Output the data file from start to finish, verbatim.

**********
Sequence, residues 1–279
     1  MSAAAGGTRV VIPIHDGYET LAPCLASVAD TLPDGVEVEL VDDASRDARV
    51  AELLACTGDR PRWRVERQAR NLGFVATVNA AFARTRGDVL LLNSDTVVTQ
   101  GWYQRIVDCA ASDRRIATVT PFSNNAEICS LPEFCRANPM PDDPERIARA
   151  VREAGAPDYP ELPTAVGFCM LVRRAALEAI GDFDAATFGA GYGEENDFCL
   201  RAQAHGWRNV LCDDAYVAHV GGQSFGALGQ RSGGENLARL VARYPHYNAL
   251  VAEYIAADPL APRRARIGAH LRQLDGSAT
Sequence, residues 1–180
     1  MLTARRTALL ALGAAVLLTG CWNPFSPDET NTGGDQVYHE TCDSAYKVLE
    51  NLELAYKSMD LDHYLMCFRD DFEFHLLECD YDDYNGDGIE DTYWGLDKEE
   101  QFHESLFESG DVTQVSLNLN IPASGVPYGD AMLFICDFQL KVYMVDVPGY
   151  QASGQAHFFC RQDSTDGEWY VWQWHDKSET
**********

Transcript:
Sequence, residues 1–279
     1  MSAAAGGTRV VIPIHDGYET LAPCLASVAD TLPDGVEVEL VDDASRDARV
    51  AELLACTGDR PRWRVERQAR NLGFVATVNA AFARTRGDVL LLNSDTVVTQ
   101  GWYQRIVDCA ASDRRIATVT PFSNNAEICS LPEFCRANPM PDDPERIARA
   151  VREAGAPDYP ELPTAVGFCM LVRRAALEAI GDFDAATFGA GYGEENDFCL
   201  RAQAHGWRNV LCDDAYVAHV GGQSFGALGQ RSGGENLARL VARYPHYNAL
   251  VAEYIAADPL APRRARIGAH LRQLDGSAT
Sequence, residues 1–180
     1  MLTARRTALL ALGAAVLLTG CWNPFSPDET NTGGDQVYHE TCDSAYKVLE
    51  NLELAYKSMD LDHYLMCFRD DFEFHLLECD YDDYNGDGIE DTYWGLDKEE
   101  QFHESLFESG DVTQVSLNLN IPASGVPYGD AMLFICDFQL KVYMVDVPGY
   151  QASGQAHFFC RQDSTDGEWY VWQWHDKSET